[5:16] Well, yeah, again, completely obvious, right? Some people who are raped by priests, some children, or I guess in particular boys, could be girls, I guess, who are raped by priests reject religion because they are raped by priests.

[5:29] Now, it is not syllogistically logical to reject the existence of religion religion if you are assaulted by a priest or if you have a priest who turns out to be a hypocrite that would not be a valid reason to reject religion so i don't know i mean you just need to you need to and the reason i say this is you're a smart fellow and you just need to up your game and you need to stop stating the blindingly obvious as if you're adding some particular huge value because if i say let's go to the watering hole to hunt because that's where the the animals congregate, and you say, well, you can't guarantee that, but I didn't guarantee it. I'm just saying it's our best art. It's our best arts, right? So I'm making a general statement. I'm making a general statement. I'm not making a statement of absolute certainty.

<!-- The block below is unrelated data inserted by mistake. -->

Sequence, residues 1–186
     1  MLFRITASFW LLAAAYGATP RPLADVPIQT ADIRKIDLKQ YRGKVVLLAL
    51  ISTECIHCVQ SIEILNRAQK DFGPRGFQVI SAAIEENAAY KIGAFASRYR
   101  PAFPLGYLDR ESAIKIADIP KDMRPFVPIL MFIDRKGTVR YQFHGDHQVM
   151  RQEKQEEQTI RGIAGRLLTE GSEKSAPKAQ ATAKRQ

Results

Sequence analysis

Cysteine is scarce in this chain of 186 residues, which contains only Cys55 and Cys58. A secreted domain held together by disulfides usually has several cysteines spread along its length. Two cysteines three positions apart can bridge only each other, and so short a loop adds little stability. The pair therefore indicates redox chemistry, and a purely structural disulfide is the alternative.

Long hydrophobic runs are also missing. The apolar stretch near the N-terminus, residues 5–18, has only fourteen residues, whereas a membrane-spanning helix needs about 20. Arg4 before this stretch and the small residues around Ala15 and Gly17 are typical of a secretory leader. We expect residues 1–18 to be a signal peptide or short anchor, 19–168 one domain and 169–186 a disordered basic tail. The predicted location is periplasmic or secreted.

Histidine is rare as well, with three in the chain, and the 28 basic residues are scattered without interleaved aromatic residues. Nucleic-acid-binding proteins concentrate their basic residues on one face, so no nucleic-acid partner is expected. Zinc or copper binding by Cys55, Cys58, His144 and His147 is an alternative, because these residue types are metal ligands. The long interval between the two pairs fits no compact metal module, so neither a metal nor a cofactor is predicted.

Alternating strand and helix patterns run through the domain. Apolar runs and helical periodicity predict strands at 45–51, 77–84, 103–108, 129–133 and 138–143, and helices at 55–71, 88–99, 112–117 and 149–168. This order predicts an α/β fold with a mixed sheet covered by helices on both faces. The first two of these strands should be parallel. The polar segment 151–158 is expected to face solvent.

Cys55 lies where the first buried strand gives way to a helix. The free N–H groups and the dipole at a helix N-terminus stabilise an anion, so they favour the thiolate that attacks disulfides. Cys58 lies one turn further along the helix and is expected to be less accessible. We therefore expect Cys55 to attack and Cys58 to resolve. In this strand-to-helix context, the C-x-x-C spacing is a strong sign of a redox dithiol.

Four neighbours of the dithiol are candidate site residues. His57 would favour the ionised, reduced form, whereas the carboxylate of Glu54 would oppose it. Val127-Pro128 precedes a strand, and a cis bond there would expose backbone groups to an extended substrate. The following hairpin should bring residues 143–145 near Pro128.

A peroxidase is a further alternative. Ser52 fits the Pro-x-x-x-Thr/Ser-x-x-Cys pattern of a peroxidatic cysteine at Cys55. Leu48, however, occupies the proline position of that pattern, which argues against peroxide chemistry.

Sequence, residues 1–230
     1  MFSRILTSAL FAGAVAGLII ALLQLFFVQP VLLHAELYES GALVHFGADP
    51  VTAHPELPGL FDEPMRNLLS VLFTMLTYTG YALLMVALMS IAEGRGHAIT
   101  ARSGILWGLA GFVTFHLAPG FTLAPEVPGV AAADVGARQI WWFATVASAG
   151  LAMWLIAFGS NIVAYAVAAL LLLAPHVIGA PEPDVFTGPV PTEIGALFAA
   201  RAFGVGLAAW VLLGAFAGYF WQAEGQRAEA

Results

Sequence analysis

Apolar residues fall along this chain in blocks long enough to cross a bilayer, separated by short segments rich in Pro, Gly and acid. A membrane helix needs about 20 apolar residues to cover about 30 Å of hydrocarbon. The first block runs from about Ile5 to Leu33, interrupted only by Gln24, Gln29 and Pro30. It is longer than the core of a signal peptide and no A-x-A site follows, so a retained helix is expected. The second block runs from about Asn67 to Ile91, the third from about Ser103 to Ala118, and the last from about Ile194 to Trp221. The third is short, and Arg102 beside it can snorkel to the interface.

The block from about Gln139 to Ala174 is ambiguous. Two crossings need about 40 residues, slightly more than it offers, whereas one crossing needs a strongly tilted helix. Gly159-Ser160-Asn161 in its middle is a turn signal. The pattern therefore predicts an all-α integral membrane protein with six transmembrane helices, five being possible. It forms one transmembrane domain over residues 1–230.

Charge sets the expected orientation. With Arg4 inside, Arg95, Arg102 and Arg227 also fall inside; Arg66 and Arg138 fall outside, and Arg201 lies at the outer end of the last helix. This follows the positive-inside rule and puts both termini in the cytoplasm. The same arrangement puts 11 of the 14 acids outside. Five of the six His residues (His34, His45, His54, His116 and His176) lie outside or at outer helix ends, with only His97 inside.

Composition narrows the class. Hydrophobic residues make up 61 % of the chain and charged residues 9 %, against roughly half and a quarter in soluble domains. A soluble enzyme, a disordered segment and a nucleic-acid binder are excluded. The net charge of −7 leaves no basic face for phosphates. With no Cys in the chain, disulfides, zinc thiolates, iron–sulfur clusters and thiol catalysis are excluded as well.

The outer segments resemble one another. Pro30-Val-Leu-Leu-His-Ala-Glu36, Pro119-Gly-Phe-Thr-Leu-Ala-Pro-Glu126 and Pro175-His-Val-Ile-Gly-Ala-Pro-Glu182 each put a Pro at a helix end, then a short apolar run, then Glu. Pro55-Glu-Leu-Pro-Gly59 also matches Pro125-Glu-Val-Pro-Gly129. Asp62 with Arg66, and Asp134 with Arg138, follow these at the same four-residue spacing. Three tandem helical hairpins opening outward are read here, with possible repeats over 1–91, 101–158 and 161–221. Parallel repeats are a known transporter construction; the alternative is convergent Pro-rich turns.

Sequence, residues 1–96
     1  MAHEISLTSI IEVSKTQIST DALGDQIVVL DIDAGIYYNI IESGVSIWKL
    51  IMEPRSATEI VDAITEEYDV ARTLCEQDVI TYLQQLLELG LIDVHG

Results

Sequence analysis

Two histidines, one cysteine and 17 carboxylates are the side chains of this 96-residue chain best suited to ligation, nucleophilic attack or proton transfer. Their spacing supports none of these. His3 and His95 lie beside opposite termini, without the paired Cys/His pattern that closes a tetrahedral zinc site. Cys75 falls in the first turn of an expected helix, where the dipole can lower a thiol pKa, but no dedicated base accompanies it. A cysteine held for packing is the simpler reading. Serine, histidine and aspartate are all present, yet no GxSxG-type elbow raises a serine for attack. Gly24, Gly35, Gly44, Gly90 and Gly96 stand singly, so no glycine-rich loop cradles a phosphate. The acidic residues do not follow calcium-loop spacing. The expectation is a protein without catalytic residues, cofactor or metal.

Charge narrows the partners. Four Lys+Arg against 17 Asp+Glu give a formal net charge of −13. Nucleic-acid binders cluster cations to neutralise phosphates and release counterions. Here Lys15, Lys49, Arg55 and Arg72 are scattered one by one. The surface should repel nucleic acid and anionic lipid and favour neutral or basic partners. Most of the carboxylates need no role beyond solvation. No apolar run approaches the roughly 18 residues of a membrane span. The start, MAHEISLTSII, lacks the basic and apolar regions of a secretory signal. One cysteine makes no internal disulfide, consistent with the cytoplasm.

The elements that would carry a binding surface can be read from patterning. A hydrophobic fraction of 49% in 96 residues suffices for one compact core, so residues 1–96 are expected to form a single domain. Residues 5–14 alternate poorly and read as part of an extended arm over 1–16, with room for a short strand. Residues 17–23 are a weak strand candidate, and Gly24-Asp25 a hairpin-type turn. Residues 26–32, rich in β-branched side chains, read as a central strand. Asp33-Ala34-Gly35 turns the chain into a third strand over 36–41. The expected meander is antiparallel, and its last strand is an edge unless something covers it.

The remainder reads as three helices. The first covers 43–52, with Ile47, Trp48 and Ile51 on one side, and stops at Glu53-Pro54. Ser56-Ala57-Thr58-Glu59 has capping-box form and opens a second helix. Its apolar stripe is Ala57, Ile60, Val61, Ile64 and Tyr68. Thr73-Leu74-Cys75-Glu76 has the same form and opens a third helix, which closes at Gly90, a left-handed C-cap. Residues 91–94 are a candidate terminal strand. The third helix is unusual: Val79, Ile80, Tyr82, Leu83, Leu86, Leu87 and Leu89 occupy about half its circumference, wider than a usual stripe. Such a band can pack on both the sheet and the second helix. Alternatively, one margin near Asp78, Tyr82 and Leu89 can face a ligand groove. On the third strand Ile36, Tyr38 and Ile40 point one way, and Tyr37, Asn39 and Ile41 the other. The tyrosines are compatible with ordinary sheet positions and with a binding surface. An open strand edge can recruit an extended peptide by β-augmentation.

[6:18] And when I'm not making a statement of absolute certainty about every single situation, then I'm, because I'm dealing with human beings, not science, right? So you're taking the syllogistic worldview which is in general the world of physics and you are then taking it to the biological world which is a world of probabilities and you are saying that physics the certainty of physics cannot be applied to matters of biology and it's like well yes of course not right i mean If you were to go to some biological conference and you were to have an hour-long lecture on the fact that.